• That brings me to the interesting role of the MahoutDespite how little people interact with elephants at EVP, there are still the mahouts – the elephant trainers – that are with them the entire time. These mahouts do still bathe them and guide them towards scheduled tourist-viewing points. They still give them commands and they do ride on their shoulders (which supposedly does not cause the elephant any pain). It’s a beautiful relationship in many ways. In a lot of instances, the men have grown up with their elephants. They really know each other and trust each other. But it does still interrupt the elephant’s “natural” life? How does it affect tourists’ observation experience, if it is still punctuated by human commands?
  • Community outreach programs and cultural impact. I studied anthropology in college and could not shake the question of how these sanctuaries impact – both positively and negatively – local culture and customs. With any travel destination in a developing country, you see the influx of tourists, who bring their ideas, language, money, and technology, that lead to huge shift in industry and, ultimately, a decrease in cultural nuances. Both sanctuaries say they try to disrupt local life as little as possible, but do try to employ locals and enhance their quality of life while possible. I didn’t have the time or resources or prior knowledge to really investigate this. In Mondulkiri, EVP offers language courses, they have local women prepare food for volunteers, and they still allow elephants to be used in local ceremonies, such as weddings. For most of Cambodian history, and continuing today, families owned an elephant that would be passed down through the generations to help with work. For families who can’t or do not want to care for their elephants anymore, EVP pays them with food or other resources for the elephant to stay at the sanctuary. This prevents families from feeling they need to sell the elephant into another industry and keeps the elephant close to their home.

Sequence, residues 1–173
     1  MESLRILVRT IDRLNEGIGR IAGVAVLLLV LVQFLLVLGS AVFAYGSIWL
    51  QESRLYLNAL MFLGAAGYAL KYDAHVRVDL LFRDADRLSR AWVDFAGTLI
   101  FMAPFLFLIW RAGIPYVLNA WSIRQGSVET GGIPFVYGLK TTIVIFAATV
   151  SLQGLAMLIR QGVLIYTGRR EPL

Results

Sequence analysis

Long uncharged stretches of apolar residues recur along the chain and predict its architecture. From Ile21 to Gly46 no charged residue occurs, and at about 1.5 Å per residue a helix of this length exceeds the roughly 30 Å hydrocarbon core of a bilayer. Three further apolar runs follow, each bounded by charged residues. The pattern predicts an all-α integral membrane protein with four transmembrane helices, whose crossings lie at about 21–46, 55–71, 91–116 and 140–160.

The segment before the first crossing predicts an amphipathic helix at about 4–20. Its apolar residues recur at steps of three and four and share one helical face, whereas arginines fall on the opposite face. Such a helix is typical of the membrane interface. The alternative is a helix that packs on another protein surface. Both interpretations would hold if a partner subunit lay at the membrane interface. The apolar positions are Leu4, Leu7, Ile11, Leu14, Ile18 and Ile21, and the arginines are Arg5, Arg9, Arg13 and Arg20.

• Information is coming from white, Western entrepreneurs, from what I can tell. Continuing on the thought above, I feel a bit uncomfortable about this. Again, both organizations aim to be less intrusive and as positive in their impact as possible, but I do worry that it still prolongs the age-old narrative that Western cultures are “more civilized.” I worry it validates some travelers’ thoughts that they come in to a new country to “save” them, rather than to learn from them. I didn’t see any instances of disrespect, but I am sensitive to this dynamic and hope that local communities will continue to be involved in decisions that impact their lives.